Democratic Rep. Dina Titus won her re-election bid in the heavily blue 1st Congressional District and said the state delivered for the party just like it did in 2016, when Nevada chose Hillary Clinton for president. She beat Republican challenger Joyce Bentley.

“America, look at us. We did it two years ago; we did it again tonight,” Titus said. “This victory tonight sends a strong message to Washington, it says to our president and his Republican friends, ‘We reject you.’”

— Yvonne Gonzalez

11:04 p.m.

With five of 17 counties fully reported, Democratic challenger Jacky Rosen was leading GOP incumbent Dean Heller 52 percent to 43 percent in the race for Senate in Nevada.

In the governor's race, Democrat Steve Sisolak was ahead of Republican Adam Laxalt 51 percent to 43 percent.

In the race for the 3rd Congressional District, Democrat Susie Lee was leading Republican Danny Tarkanian 51 percent to 43 percent.

— Las Vegas Sun

10:50 p.m.

Nevada GOP headquarters at the South Point has lost about half of its attendees, despite election results being incomplete. Many departing Republicans, including the beer-toting, flag-waving Gabriel Marks, have called it a night to make it to work on time tomorrow, they said.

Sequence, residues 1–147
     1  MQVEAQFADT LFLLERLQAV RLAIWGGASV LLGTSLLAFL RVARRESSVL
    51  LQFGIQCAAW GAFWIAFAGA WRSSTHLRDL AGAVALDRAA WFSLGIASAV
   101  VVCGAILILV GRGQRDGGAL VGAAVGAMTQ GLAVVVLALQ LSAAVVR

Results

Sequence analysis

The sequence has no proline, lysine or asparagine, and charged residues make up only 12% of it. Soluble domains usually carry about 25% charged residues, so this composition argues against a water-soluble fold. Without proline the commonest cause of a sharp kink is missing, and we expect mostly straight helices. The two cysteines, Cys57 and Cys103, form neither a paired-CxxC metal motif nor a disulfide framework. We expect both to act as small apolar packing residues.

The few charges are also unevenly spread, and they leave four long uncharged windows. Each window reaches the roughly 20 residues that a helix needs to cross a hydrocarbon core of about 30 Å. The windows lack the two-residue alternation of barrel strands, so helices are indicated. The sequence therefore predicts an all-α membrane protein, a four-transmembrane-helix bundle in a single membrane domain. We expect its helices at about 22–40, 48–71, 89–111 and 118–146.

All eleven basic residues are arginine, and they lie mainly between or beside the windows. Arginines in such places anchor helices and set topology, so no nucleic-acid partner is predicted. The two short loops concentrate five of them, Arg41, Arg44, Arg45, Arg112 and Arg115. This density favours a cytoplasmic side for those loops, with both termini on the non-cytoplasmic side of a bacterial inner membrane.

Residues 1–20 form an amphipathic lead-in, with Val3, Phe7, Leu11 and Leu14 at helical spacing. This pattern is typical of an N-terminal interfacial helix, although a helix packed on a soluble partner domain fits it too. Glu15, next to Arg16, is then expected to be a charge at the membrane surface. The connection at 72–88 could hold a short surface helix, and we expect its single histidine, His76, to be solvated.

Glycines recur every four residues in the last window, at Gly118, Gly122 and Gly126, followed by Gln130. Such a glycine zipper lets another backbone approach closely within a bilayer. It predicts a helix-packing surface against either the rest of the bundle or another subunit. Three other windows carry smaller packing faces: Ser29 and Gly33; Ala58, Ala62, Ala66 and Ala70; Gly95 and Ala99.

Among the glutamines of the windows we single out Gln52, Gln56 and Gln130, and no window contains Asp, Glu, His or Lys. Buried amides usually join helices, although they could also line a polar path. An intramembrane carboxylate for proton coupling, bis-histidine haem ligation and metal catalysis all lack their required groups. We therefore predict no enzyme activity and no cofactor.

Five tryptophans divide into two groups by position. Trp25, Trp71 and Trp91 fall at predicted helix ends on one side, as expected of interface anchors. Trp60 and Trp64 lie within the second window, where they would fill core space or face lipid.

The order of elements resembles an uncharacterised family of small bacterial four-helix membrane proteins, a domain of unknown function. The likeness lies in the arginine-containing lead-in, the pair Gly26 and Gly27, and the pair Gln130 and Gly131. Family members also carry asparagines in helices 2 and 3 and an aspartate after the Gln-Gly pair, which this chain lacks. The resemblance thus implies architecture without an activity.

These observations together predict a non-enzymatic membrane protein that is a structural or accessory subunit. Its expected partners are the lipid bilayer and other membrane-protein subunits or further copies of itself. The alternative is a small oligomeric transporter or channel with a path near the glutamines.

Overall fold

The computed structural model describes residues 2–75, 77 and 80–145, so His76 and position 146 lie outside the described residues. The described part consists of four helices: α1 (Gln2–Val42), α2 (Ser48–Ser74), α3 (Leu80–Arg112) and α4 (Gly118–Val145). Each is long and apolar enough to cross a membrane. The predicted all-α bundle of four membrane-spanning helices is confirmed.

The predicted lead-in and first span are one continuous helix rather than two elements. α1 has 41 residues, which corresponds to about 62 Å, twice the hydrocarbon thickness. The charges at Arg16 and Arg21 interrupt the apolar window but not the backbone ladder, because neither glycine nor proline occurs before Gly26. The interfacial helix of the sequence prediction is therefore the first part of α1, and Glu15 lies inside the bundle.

Many of those still at the GOP watch party gathered around the venue’s big-screen TVs as Dean Heller and Adam Laxalt were announced the winners of eight Nevada counties, including Esmeralda, Nye, Lincoln and Churchill. Most cheered while others reminded them that less than 5 percent of the state’s results were being reported.

— Chris Kudialis

10:06 p.m.

A state election official says the last voter has cast a ballot and Election Day has ended in Nevada, nearly 3 hours after polls were scheduled to close.

Deputy Nevada Secretary of State Wayne Thorley says lines were longest in Washoe County, where voting ended at just before 10 p.m. Tuesday at an unspecified polling place.

Voting ended about 30 minutes earlier in Lyon and Clark counties, where people who arrived in line before 7 p.m. at polling places at malls and schools were allowed to remain in line to vote. Others were turned away.

Thorley says preliminary election results will begin being released soon.

— Associated Press

9:57 p.m.

Nevada Democratic Party Chairman William McCurdy II kicked off a program at the party’s election night event at Caesars Palace. Without any results posted yet, McCurdy said the hard work of activists in the room would help elect Democrats up and down the ballot.

U.S. Sen. Catherine Cortez Masto told the crowd that Democrats’ hard work has led to record turnout for the party this cycle, in a midterm when Republicans tend to have stronger numbers. She said the state’s Democratic Party has built on former U.S. Sen. Harry Reid’s legacy.

“Together, we rejected this president’s efforts to stoke fear and hatred against our neighbors and the people that we love,” she said. “We have sent a powerful message to Washington, D.C., about the country we want to live in and about who we are as Nevadans.”